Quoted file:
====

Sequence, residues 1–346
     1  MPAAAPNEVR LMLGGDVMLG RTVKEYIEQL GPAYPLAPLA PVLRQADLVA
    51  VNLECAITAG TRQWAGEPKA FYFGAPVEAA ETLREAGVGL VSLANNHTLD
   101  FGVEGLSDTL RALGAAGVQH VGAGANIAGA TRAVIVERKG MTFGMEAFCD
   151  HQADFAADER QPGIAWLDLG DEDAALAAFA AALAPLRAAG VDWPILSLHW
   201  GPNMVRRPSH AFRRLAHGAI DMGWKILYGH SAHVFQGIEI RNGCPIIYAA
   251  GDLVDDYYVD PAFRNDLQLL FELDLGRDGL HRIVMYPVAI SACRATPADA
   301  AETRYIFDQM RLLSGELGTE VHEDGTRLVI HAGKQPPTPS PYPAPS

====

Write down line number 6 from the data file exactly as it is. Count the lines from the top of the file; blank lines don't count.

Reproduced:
   201  GPNMVRRPSH AFRRLAHGAI DMGWKILYGH SAHVFQGIEI RNGCPIIYAA